Guest Post by Layla Al-Jamal Judkins

Research suggests that arts learning can play a crucial role in building confidence, enhancing learning and providing leadership skills. At Loyal Heights Elementary Theater Arts Group (TAG) they have been building the confidence of students for the last eight years. The first time I attended one of their plays, I was in complete awe. The play consisted of students of all elementary school age from cast members to the stage crew. The confidence and skills that they had developed were clearly present.  

Loyal Heights Elementary TAG is a PTA sponsored enrichment program within the Seattle Public School System. Each year approximately 45% of their student body along with staff, parents, and the community put on a play around early spring. The production is performed to over 1,900 audience members in a two day period.

For six months prior to the play, each cast member receives quality acting, dancing, and music training. The Rehearsal Assistant Team members (student stage crew) receive theatre production training over the course of 5 months. These pieces of training have been proven to build self-confidence, public speaking skills, and encourages teamwork and building relationships among the students.  TAG strongly reinforces their commitment to students reaching their full potential through their “Every Child a Star” program. Every child is represented in a photograph and by name in the playbill.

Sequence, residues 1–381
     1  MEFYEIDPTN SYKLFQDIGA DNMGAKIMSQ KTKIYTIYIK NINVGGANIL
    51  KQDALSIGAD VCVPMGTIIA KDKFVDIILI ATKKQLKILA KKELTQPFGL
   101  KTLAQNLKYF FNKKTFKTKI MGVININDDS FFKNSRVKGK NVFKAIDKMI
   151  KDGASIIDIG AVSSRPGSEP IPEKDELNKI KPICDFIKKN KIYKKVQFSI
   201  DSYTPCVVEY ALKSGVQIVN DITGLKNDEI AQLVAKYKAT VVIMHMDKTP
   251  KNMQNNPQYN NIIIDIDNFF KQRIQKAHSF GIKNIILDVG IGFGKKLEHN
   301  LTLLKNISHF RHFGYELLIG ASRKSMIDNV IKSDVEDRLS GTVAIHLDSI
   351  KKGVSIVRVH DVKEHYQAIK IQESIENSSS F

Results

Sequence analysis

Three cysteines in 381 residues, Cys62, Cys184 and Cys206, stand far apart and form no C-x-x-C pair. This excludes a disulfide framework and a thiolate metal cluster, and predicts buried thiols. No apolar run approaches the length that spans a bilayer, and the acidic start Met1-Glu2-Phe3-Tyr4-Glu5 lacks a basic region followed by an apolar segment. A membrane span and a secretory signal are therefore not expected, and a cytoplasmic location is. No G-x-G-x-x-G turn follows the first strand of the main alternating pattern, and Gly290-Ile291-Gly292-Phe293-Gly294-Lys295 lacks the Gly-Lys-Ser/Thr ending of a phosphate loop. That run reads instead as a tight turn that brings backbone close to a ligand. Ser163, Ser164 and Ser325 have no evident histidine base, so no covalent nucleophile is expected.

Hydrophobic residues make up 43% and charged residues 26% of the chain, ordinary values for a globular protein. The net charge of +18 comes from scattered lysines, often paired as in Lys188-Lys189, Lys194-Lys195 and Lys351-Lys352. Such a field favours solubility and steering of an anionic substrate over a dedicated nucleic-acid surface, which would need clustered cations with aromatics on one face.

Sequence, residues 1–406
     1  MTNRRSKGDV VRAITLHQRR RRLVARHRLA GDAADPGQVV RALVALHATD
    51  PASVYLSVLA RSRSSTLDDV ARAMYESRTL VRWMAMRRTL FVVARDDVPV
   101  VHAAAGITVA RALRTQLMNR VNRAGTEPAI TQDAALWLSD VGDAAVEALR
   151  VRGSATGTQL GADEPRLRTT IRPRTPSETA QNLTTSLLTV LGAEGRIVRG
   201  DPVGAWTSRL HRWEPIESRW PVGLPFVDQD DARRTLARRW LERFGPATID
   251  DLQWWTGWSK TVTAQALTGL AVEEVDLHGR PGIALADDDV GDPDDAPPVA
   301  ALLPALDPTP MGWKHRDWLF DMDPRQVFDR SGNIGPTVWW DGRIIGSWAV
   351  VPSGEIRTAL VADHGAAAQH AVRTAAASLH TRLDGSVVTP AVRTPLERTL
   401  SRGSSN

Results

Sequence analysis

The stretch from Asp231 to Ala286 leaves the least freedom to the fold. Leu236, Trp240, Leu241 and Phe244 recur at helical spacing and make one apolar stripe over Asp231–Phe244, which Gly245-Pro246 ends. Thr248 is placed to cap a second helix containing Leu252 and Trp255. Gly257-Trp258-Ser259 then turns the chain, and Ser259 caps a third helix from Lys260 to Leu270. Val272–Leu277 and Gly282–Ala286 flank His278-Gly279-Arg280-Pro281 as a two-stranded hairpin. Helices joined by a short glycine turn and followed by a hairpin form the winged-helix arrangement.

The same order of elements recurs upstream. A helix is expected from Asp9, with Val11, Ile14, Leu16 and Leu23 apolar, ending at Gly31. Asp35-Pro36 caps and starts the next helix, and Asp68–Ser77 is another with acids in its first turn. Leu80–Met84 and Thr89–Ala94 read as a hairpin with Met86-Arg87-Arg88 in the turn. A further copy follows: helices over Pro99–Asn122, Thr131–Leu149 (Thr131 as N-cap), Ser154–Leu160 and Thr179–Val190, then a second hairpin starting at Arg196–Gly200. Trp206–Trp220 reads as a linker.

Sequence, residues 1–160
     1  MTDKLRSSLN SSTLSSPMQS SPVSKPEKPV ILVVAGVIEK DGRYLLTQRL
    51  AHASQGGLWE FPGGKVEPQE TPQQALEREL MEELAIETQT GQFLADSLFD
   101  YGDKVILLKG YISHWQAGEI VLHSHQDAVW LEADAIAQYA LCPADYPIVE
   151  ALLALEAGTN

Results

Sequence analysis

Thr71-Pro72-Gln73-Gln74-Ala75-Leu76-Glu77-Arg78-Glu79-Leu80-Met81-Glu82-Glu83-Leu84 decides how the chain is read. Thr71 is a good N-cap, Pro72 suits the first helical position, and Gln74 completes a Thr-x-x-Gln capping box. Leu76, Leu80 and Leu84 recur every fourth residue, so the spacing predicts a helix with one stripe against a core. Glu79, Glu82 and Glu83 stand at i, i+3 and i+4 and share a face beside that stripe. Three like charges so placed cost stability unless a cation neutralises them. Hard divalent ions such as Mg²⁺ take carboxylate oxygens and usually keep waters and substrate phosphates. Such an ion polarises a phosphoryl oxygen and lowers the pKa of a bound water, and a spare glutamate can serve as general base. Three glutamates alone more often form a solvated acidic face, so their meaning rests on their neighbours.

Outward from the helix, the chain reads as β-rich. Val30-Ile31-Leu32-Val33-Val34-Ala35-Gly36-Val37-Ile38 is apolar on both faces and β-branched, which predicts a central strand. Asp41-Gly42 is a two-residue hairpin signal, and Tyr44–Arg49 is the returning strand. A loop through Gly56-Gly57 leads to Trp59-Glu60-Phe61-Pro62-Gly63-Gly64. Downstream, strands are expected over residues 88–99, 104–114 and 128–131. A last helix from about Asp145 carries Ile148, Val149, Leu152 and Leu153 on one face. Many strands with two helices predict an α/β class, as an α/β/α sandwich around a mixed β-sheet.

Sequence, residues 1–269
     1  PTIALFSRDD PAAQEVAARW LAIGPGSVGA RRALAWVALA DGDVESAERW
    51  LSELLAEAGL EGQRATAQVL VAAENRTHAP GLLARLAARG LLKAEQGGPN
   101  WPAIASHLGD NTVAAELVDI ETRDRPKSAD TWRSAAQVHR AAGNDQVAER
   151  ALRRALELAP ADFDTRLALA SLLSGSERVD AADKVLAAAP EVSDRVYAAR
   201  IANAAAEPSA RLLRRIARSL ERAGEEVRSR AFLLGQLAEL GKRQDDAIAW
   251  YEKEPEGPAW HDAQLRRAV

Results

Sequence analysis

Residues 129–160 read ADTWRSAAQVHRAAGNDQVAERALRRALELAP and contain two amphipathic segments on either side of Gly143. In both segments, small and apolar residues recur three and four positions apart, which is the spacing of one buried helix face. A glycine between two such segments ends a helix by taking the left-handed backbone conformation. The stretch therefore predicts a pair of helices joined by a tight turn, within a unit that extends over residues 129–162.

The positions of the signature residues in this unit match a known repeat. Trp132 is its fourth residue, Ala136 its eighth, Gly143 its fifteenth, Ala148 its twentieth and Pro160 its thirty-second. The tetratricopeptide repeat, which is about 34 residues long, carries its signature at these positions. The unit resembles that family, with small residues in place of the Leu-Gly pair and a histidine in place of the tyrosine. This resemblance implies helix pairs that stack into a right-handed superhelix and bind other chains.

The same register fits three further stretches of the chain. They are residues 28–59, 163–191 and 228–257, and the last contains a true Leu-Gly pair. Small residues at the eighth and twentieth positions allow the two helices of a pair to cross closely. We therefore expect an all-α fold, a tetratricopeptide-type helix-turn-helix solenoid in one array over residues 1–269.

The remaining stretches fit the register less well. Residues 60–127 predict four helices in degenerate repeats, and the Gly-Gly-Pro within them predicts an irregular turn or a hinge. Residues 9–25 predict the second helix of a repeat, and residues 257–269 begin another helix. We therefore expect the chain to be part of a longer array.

TAG also has an alumni program where they invite past cast and crew members to participate as mentors for their current cast members. The play is performed at Ballard High School where the students in the Ballard High School Drama Program are able to gain experience in theatre production.

What struck me the most about TAG is their commitment to equity and inclusion. TAG offers a more robust musical theatre experience to their students at a considerably less cost than other programs throughout the city of Seattle. Scholarships are available so all students can have the opportunity to be involved. A 2012 study by the National Endowment for the Arts found that students from low-income families receive the greatest benefit from arts education, including stronger academic performance, increased high school graduation and college attendance rates, and more civic engagement as both students and adults. These results suggest that arts learning can play a critical role in enhancing educational equity in achievement and attainment.

TAG is also committed to social justice and providing children the opportunity for learning and growing. One of their past plays (Peter Pan Jr.) had a complicated history and could have been culturally insensitive. The TAG team along with an Equity Liaison approached the script (within what’s legal with script licensing) through an equity lens to make thoughtful choices in addressing cultural insensitivities. They provided opportunities for students to learn and be curious about different backgrounds, cultures, and the significance of their histories. For this year’s production, Mary Poppins Jr., the production team provided students with historical contexts to recognize social and gender discriminations. Students were introduced to the Suffragette Movement and the significance of the movement for women’s voting rights.  

Teachers and parents have reported that students have stronger academic performance, collaboration, creativity, and an excitement to be at school during times of rehearsal and production. These reportings solidify the importance of art education.

This year’s TAG performance is March 30-31st. Buy your tickets here, but hurry as they are selling out fast! To learn more about the program go here.